Open a Wikipedia article – any article, it doesn’t matter. Here, try the article about Jasper Fforde.

Click on the first link in the main article. Skip links that are in parentheses or italics, and don’t follow anything that leads outside Wikipedia. In the Jasper Fforde article, that’s the link to his first novel, The Eyre Affair.

Keep doing the same thing in each article that comes up.

Eventually you will get to the Wikipedia article about Philosophy. It’s about 20 clicks from the Jasper Fforde article.

Here’s the fun part. The same thing will happen regardless of what article you start with. Everything leads to Philosophy in Wikipedia.

There’s no significance to this and I didn’t discover it. The idea that everything leads to Philosophy in Wikipedia has its own Wikipedia article, of course. If you follow the first link in that article . . . eventually you’ll be at Philosophy.

The XKCD comic strip was one of the first to call attention to the Wikipedia road to philosophy in 2011 – not in the comic, but in the tip that came up when you hover the mouse cursor over the comic, as in the screen shot above.

Since then the idea has been explored and researched and mapped because everything in the world is analyzed. 97% of all Wikipedia articles lead to Philosophy. A handful wind up in loops, but really, only a few of them escape the vortex of Philosophy.

Here’s a lovely page that does the hard work for you. Put in the title of any Wikipedia article and it will show you the path that you would follow to Philosophy. In the above chart you can see the various paths followed by Jasper Fforde, David Bowie, Tik Tok, augmented reality, narcissism, and NASCAR.

The Wikipedia style manual suggests beginning an entry by defining the topic of the article, which means most articles naturally lead with fairly general words. You’ll see how articles tend to funnel down to a number of broad concepts, which then lead to Philosophy. In the above chart, for example, NASCAR, narcissism, and David Bowie all funnel through Science.

Researchers at the University of Vermont Computational Story Lab discovered that more than seven million Wikipedia pages eventually funnel into Philosophy. It reflects a major organizing principle for the ideas represented on Wikipedia.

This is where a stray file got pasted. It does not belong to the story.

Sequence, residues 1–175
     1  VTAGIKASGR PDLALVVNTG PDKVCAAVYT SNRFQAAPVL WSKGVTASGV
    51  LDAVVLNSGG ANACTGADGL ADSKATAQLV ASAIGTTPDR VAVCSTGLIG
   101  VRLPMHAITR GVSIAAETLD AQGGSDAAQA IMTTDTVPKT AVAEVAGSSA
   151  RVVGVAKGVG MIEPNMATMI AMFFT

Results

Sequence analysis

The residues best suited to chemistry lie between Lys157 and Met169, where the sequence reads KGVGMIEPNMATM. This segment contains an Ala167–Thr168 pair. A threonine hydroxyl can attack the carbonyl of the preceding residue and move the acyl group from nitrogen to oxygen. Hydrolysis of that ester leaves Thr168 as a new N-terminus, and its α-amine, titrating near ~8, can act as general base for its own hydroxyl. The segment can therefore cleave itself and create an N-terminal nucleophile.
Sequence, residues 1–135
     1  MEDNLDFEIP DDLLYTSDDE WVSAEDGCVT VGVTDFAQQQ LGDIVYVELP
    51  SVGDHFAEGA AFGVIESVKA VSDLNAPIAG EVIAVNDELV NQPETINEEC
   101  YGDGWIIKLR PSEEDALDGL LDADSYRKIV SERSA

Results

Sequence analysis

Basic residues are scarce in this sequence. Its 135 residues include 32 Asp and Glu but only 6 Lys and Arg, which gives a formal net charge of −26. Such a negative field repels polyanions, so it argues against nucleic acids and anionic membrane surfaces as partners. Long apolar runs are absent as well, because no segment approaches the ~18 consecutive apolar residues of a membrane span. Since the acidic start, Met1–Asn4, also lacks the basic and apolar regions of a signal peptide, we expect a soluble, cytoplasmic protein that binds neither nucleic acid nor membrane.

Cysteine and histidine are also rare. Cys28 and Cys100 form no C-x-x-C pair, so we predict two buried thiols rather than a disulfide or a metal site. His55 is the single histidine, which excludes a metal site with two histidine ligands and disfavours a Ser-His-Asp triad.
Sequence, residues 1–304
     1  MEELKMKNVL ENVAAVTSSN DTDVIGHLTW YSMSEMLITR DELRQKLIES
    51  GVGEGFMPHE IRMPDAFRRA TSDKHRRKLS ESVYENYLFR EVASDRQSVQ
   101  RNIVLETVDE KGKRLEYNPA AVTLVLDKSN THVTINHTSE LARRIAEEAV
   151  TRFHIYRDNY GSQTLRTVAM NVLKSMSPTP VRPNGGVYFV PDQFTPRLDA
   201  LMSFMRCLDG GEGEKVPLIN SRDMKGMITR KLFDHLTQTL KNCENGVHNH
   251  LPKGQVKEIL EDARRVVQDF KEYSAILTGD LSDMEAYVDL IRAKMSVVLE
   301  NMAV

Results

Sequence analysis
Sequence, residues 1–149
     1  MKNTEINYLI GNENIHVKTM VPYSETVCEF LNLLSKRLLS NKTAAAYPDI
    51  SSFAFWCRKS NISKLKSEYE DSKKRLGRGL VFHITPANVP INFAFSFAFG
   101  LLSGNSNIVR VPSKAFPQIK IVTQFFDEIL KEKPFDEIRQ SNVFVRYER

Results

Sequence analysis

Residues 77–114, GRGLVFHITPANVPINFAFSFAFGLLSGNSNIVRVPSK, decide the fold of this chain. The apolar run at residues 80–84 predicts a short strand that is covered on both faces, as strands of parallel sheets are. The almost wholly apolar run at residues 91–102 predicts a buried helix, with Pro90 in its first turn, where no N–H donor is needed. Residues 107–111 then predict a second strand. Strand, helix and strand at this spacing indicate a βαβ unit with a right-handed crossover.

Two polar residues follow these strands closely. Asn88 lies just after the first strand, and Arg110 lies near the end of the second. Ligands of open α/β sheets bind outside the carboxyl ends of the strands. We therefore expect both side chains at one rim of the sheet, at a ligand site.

But they could also measure the other pages that are funnels along the way to Philosophy. On the chart above, you see articles passing through Science and Fact and Computing – they’re the “funnels” or “access points.”

What are the top funnels? What pages turn up the most often if you do this kind of clicking on every Wikipedia page?

Southeast Europe and Hip-Hop Music. It’s strange. Here’s the conclusion of an article about the research.

(The researchers’) idea was to find those access points—what they call funnels—for Wikipedia pages. Not very many pages link directly to philosophy—only 581 do, while more than 80,000 link directly to the United States. Rather than directly connecting many ideas, the authors suggest, philosophy is a major organizing principle for the ideas represented on Wikipedia.

All of which makes what’s next on the list, while much smaller in terms of the number of source pages, also much weirder. At number two, with about 30,000 source pages funneling into it, is Presentation (as in getting up in front of people and explaining something), followed by Tree of Life (Biology) and Southeast Europe. Hip-Hop Music comes in at number 11.

“More curious is the emergence of recently prominent political and economics topics such as ‘Fossil Fuel’ and ‘Health Care’ within the highest ranking funnels. Wikipedia seems to reflect not only timeless foundations, but also the topical (at least within English speaking society),” the authors conclude.

Happy clicking!

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